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Number of Women CEOs of S&P 500 Firms Declined in 2015, Study Shows

by Jeff Cox, CNBC /
Upper left, Denise Morrison, CEO of Campbell Soup; upper right, Virginia Rometty, CEO of IBM; lower left, Marissa Meyer, CEO of Yahoo; lower right, Carol Meyrowitz, CEO of TJX.AP

Gender equality is still a long way from the executive suites of corporate America.

The nation's largest companies remain laggards in terms of getting women into CEO positions, according to a new study that shows S&P 500 company leadership remaining the domain of men, with almost no gains over the past nine years.

In fact, 2015 saw regression, with the total number of female CEOs dropping from 25 in 2014 to 21 as 2015 comes to a close, according to the study from Pavle Sabic, director of market development at S&P Capital IQ.

"Despite all of the attention placed on increasing the number of female executives at American companies, the needle on the gender gap has hardly moved," Sabic said in a narrative accompanying the study. "The gender gap at the CEO level of S&P 500 companies is not closing. Growth rate for new female CEOs is only one per every two years."

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The decline in female top executives comes even amid evidence that they generally outperform their male counterparts.

A study early this year from Bespoke Investment Group found that share performance at companies led by female CEOs had been topping male-run companies by 5 percentage points. In 2015 as a whole, female-led companies are averaging returns of 0.19 percent, compared to the S&P 500 index price decline of nearly 2 percent.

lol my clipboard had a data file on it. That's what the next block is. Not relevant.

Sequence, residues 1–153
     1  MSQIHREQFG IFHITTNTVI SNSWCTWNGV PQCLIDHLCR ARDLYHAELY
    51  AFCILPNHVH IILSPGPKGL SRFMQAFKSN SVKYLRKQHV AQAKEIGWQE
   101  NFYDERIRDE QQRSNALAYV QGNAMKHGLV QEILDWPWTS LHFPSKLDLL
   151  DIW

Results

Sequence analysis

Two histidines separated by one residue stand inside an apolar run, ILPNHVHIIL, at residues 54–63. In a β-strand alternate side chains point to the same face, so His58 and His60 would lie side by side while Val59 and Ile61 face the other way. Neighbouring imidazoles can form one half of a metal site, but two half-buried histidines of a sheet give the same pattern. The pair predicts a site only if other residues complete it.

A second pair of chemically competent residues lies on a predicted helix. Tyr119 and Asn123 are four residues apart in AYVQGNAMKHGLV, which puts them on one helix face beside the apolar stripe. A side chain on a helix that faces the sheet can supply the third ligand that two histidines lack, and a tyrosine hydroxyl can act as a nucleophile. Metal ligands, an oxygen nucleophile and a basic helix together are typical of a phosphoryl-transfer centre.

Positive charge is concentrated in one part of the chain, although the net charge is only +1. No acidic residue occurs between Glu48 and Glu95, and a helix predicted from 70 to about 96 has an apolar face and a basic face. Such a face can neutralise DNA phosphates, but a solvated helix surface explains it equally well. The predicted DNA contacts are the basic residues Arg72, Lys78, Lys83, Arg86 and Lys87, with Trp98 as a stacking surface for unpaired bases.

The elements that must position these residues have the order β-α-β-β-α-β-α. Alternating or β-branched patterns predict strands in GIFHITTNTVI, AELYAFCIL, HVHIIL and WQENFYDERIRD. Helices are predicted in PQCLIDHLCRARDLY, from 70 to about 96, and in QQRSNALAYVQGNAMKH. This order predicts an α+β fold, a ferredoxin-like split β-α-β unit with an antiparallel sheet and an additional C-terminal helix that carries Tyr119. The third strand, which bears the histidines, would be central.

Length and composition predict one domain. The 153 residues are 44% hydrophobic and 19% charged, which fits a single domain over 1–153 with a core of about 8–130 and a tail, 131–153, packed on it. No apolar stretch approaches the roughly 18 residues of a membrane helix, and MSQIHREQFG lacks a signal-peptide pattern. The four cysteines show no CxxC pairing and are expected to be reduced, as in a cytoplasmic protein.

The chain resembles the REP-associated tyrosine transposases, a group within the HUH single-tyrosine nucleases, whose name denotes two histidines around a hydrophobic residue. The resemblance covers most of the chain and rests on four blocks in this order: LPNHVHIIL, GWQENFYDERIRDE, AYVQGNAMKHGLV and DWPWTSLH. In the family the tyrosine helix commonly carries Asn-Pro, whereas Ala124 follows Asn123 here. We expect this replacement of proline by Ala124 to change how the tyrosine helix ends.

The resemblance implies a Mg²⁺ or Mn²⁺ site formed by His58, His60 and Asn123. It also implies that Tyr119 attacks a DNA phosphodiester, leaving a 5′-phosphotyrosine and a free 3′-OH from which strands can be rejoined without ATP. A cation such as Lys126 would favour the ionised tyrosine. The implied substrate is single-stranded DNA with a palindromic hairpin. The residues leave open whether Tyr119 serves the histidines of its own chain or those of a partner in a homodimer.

Since 2005, the total number of female CEOs has grown from 16 to 21, an average of just one every two years.

The U.S. has trailed its global competitors generally when it comes to gender equality. The most recent ratings from the World Economic Forum on the issue rank the U.S. 20th of 142 countries, with Iceland first and Germany, France and Canada all ranking higher.

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Tenure for female CEOs tends to be shorter, though, Sabic found. Female CEOs stay with their companies an average of four years, against six for the men.

"While four to six years is not largely significant in the context of a lifelong career, it may translate to a significant economic opportunity cost to women," Sabic wrote.

In terms of sectors, information technology has the most female CEOs with five, while energy, materials and telecom have none. Tech is the third-best performer of the S&P 500's 10 sectors this year, returning 4.7 percent, while materials ranks ninth, with a 9.6 percent decline, and energy is last with a 23.1 percent plunge. Telecom is fifth with a 0.6 percent decline.

The S&P 500 as a whole has 96 percent of companies run by men, down only slightly from the 97 percent in 2006.


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